More Than 93 Employers Fined Total Of $1.54m After Temporary Foreign Worker Abuse Investigation 

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A year-long investigation has uncovered 116 employers who hired temporary foreign workers and were in breach of the rules, Employment and Social Development Canada (ESDC) says.

The federal department overseeing social programs and the labour market conducted its investigation of more than 2,100 employers who hired through the Temporary Foreign Worker Program (TFWP) during the year which ended March 31, 2023.

The vast majority of those employers, 94 per cent, were following the rules but six per cent were not and were given warnings or fines and even temporarily barred from hiring through the TFWP.

list of employers who have been found to be in breach of the rules of the TFWP and the International Mobility Program (IMP) can be found on the Immigration, Refugees and Citizenship Canada (IRCC) website.

Penalties handed out to 93 of the non-compliant employers during the investigation amounted to $1.54 million.

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Seven employers are now banned from using the program for five years and 23 employers were given warnings.

Last September, new regulations came into force to boost compliance with the TFWP and hold employers accountable.

“These efforts complement other recent initiatives, including the launch of the new Migrant Worker Support Program and the TFWP Workforce Solutions Road Map,” notes the ESDC. “Moving forward, the government intends to provide updates on TFWP compliance efforts on a semi-annual basis.”


Among the employers slapped with fines were:

  • an employer in the transport sector who was penalized $258,000 and given a five-year ban from the program for failing to provide adequate wages, adequate accommodations, and safe working conditions, among other violations;
  • an employer in the construction industry who was given a $53,000 fine and a five-year ban from the program for failing to provide adequate wages and working conditions, and;
  • an employer in the transport sector who received a $152,250 fine along with a five-year ban from the program for failing to provide adequate wages and working conditions, failing to comply with federal, provincial and territorial laws which regulate employment, and failing to retain documents as required for the assessment of compliance with the program conditions.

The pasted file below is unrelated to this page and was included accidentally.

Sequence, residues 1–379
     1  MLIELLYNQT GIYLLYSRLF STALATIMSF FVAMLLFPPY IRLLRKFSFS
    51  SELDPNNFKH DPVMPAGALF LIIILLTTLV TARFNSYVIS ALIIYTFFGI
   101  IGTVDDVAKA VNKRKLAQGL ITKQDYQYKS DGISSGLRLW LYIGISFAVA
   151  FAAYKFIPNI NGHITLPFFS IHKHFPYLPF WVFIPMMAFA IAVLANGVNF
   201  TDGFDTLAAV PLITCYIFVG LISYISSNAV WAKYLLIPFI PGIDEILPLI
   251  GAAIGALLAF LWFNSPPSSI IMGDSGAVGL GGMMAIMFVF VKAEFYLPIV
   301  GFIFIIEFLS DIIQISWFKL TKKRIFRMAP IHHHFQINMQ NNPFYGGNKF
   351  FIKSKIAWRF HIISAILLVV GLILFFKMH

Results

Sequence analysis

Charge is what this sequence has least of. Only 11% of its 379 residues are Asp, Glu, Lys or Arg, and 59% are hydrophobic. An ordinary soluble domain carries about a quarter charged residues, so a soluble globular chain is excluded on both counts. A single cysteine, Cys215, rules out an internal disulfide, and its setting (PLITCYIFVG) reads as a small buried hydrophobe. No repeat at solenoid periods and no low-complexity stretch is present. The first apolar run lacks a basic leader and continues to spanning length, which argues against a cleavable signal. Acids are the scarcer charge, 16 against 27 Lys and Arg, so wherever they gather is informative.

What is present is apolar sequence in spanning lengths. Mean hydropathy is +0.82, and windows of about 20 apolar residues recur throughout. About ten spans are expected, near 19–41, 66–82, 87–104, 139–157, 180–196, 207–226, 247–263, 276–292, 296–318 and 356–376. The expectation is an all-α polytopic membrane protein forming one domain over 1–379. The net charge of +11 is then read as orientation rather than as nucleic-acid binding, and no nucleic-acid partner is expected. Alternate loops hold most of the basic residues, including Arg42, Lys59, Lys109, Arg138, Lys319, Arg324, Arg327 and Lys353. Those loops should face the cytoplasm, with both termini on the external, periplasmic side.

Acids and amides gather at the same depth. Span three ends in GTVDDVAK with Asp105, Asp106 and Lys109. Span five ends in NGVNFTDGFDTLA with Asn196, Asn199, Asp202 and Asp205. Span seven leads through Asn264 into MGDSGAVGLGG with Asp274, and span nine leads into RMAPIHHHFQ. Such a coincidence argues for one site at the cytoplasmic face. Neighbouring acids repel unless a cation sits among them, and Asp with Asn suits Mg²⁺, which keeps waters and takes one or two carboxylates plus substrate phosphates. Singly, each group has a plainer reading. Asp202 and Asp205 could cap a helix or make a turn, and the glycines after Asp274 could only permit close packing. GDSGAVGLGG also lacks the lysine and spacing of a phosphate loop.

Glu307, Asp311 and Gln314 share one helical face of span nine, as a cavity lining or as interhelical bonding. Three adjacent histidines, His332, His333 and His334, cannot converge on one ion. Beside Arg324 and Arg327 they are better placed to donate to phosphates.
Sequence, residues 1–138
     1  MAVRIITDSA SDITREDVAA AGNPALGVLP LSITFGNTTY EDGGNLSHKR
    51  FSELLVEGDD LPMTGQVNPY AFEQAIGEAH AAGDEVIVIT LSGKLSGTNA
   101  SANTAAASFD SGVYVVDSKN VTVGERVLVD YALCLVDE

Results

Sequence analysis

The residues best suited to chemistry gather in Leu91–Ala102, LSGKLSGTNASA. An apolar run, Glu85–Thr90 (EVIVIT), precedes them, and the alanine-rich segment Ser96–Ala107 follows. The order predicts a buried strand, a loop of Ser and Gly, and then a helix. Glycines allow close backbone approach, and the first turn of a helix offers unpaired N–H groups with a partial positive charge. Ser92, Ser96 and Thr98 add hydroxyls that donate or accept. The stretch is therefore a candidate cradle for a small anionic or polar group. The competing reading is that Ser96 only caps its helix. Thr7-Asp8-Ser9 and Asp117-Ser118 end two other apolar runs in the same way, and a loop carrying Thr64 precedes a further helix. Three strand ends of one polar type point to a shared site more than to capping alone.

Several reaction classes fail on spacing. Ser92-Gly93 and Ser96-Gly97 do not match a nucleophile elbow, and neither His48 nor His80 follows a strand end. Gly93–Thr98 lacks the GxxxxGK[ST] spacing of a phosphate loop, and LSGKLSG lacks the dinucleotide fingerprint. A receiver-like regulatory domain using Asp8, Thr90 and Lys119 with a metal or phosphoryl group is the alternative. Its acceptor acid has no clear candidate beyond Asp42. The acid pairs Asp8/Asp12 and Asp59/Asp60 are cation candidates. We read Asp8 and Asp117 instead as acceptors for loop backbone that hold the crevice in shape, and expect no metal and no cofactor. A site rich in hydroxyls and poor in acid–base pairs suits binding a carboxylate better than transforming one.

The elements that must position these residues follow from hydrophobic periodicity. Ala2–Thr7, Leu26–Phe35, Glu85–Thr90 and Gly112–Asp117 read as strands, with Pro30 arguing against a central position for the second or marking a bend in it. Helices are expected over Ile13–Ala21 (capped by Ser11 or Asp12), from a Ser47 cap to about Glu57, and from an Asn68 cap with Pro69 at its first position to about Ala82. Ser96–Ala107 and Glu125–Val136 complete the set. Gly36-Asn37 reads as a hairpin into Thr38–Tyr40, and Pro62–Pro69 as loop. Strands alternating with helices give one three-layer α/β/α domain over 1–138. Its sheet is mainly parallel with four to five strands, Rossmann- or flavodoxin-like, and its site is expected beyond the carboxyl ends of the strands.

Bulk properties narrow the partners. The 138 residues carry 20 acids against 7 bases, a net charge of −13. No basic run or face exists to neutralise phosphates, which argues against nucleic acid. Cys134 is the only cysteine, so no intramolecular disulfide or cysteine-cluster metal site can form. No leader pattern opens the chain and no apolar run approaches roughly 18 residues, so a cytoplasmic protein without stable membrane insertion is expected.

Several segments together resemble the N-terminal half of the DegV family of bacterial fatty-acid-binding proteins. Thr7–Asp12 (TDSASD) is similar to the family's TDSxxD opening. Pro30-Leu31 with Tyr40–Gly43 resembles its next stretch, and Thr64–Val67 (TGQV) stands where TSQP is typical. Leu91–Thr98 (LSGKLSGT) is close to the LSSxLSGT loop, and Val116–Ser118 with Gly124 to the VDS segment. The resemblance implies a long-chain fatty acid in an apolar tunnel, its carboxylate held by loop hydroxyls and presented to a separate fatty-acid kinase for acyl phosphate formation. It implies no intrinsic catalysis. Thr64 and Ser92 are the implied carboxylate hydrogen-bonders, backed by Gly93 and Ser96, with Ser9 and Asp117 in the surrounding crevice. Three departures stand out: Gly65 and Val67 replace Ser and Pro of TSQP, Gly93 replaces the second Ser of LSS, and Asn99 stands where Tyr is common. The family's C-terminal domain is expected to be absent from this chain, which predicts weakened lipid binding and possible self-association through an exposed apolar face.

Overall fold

The TFWP allows employers in Canada to hire a foreign worker when no Canadians or permanent residents are available. In 2022, there were 204,700 temporary residents with work permits through the TFWP, representing roughly one per cent of the labour force.

There are three categories of violations in the Immigration and Refugee Protection Regulations that result in administrative and monetary penalties and bans from the TFWP.

These violations include those that would put the life or safety of a temporary foreign worker at risk, failing to pay appropriate wages, failing to provide safe working conditions and appropriate accommodations, violations related to COVID-19 and quarantine, and abuse of temporary foreign workers.

Temporary Foreign Workers’ Rights Protected Under Canadian Law

In Canada, all workers are protected under the law, including temporary foreign workers, and the fastest and easiest ways to report abuse are online or by phone by calling 1-866-602-9448. That phone line is available 24 hours a day, seven days a week.

When using that tipline, callers can:

  • leave a message with information for Service Canada to investigate, or;
  • talk to a live Service Canada agent in one of more than 200 languages during business hours, Monday to Friday from 6:30 a.m. to 8 p.m. Eastern Time.

People can also report abuse in person or by mail. When making a report, it is important to tell the government official as much about the problem or abuse as possible. The information provided is protected by Canada’s privacy laws.

A temporary foreign worker need never fear his or her employer or anyone at their workplace will ever know who made the report.

Although callers to the tipline do not have to give their names, phone numbers or Labour Market Impact Assessment (LMIA) or work permit numbers to make reports, these do help.

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Colin Singer
Colin Singer is an international acclaimed Canadian immigration lawyer and founder of featured on Wikipedia. Colin Singer is also founding director of the Canadian Citizenship & Immigration Resource Center (CCIRC) Inc. He served as an Associate Editor of ‘Immigration Law Reporter’, the pre-eminent immigration law publication in Canada. He previously served as an executive member of the Canadian Bar Association’s Quebec and National Immigration Law Sections and is currently a member of the Canadian Chapter of the American Immigration Lawyers Association. Colin has twice appeared as an expert witness before Canada’s House of Commons Standing Committee on Citizenship and Immigration. He is frequently recognized as a recommended authority at national conferences sponsored by government and non-government organizations on matters affecting Canada’s immigration and human resource industries. Since 2009, Colin has been a Governor of the Quebec Bar Foundation a non-profit organization committed to the advancement of the profession, and became a lifetime member in 2018.